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Thursday, 5 February 2015


The election of Syriza (Coalition of the Radical Left) in Greece, expected though it was, has sent shock waves through those states now imposing austerity upon their populations. With the newly-formed Podemos party bursting onto the scene in Spain too, resistance to austerity is beginning to take tangible political form in parts of Europe. It is important, however, to remember two things.

Firstly, it was mass struggle and resistance that created the conditions for the emergence of these parties - street protests, occupations and general strikes in Greece, and the indignados and their occupation of the squares in Spain. Consequently, nothing would be worse for the Greek masses than to believe that as Syriza is 'their party", strikes and street protests should be put on hold. Syriza came to government on the back of these struggles and it will be the movement against austerity that will drive Syriza forward, simultaneously showing the forces of the right that the party retains mass support. It will be up to those smaller parties - like Antarsya - and trade unions to the left of Syriza to give a lead to the most militant.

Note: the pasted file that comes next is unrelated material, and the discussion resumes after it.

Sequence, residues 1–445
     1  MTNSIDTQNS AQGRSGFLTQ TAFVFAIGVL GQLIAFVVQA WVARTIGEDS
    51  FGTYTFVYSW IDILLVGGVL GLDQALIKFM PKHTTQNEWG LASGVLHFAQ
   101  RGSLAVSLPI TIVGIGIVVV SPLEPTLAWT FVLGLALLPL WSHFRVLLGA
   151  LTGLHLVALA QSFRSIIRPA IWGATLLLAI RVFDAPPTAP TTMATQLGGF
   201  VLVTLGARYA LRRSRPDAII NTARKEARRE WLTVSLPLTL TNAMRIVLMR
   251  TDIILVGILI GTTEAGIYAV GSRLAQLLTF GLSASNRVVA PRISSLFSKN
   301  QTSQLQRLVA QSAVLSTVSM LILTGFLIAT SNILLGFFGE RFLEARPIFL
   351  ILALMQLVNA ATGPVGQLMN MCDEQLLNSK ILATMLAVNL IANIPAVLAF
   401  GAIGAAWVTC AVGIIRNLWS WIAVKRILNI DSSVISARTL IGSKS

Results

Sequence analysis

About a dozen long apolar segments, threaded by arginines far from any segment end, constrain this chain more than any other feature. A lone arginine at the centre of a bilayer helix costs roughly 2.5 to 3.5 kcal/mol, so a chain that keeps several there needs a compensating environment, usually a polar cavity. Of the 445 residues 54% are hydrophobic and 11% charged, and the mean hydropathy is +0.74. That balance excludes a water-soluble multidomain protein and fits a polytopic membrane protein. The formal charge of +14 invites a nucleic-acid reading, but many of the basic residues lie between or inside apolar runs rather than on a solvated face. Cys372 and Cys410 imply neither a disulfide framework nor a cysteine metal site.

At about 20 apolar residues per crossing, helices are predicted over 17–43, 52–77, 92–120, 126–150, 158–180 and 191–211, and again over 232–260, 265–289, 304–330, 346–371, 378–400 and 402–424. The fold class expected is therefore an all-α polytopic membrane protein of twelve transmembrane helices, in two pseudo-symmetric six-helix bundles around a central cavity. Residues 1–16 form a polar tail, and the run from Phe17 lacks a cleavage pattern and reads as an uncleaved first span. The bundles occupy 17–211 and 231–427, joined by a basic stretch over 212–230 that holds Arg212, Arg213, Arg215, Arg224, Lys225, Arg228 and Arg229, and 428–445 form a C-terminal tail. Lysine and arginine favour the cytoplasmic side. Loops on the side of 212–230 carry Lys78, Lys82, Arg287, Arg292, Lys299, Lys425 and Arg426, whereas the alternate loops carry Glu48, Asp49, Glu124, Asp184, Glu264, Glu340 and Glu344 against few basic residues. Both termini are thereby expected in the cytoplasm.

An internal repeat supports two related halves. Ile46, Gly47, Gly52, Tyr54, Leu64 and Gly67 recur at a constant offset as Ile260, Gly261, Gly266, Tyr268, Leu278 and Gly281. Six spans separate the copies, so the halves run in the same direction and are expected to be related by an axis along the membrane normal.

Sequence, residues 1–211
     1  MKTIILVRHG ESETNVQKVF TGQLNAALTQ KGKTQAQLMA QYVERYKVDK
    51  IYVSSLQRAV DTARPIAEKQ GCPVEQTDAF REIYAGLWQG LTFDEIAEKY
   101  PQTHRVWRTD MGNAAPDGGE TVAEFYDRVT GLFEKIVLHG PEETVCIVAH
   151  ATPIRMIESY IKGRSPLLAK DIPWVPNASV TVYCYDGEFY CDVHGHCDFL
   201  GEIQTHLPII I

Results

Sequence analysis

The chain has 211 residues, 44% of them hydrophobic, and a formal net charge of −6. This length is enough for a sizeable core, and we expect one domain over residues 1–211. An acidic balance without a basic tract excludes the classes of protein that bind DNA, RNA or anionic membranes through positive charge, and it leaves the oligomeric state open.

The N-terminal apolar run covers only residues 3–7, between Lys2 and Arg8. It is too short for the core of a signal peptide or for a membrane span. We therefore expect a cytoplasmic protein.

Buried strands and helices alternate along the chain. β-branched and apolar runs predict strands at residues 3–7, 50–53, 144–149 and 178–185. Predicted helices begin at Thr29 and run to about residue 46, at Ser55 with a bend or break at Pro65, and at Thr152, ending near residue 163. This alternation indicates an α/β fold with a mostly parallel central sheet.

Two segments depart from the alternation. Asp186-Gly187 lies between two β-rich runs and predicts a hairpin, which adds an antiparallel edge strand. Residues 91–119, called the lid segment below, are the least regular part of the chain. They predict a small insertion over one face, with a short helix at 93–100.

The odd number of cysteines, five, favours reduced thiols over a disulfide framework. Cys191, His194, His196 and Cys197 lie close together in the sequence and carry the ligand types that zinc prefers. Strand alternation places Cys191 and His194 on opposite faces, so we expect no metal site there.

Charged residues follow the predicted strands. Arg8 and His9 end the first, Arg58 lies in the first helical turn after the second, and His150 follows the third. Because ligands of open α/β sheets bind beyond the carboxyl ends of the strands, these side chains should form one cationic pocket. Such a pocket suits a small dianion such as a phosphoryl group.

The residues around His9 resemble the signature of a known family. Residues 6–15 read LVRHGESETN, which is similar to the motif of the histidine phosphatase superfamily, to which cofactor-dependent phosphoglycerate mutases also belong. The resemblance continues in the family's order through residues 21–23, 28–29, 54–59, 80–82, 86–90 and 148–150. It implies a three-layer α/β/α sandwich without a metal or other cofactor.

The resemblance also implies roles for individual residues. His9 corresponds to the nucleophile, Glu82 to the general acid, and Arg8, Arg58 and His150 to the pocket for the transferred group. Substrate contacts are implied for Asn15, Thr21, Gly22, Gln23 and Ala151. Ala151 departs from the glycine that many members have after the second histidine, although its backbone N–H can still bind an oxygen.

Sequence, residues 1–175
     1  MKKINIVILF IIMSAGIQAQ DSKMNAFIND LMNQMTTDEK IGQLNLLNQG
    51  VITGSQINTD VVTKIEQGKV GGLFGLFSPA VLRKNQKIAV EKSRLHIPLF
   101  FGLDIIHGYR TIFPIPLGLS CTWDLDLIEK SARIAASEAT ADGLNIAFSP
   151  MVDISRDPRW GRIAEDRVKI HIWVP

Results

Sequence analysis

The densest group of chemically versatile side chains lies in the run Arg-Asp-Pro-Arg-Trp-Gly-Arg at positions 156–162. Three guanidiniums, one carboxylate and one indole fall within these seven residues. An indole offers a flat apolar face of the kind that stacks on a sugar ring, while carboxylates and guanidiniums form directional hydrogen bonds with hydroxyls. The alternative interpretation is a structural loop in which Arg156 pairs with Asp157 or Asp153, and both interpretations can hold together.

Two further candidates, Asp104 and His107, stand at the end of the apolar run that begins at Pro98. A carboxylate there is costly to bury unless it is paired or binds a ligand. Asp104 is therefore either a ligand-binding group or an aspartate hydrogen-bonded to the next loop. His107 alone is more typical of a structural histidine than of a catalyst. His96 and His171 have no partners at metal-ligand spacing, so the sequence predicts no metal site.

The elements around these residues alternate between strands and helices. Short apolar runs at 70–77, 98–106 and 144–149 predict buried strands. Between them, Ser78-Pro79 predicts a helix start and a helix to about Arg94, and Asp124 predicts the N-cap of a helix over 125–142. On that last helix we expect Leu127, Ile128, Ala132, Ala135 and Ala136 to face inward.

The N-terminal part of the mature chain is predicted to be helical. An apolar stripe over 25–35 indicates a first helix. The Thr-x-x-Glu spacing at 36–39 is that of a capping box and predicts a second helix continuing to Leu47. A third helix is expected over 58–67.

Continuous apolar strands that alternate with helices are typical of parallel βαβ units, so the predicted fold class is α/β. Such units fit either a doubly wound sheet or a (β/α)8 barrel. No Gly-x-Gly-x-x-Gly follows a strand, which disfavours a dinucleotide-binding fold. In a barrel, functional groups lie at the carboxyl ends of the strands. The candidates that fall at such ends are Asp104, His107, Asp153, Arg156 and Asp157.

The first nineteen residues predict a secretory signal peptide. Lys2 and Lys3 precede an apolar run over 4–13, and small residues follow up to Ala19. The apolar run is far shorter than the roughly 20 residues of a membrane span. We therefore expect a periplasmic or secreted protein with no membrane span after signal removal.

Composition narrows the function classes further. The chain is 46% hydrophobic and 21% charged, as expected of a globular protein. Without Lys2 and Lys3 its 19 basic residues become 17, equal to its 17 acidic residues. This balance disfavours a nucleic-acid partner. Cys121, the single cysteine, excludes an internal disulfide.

Second, the battle against austerity has to be simultaneously a fight against racism and anti-Muslim, anti-immigrant scapegoating. In countries where the left has not taken up this work, or even worse, made concessions to Islamophobia, as in France, the far right Front National makes gains. Anti-Muslim, anti-immigration movement PEGIDA in Germany and the still threatening Golden Dawn in Greece, plus fascist demonstrations in the Ukraine, show that the far right remains a clear and present danger. If the fascists and racist anti-immigrant parties like UKIP in Britain succeed in persuading workers that foreigners, immigrants and Muslims are to blame for their suffering, rather than the bankers, the bosses and the International Monetary Fund (IMF) the same game of divide and rule will demobilise workers and blunt their ability to resist.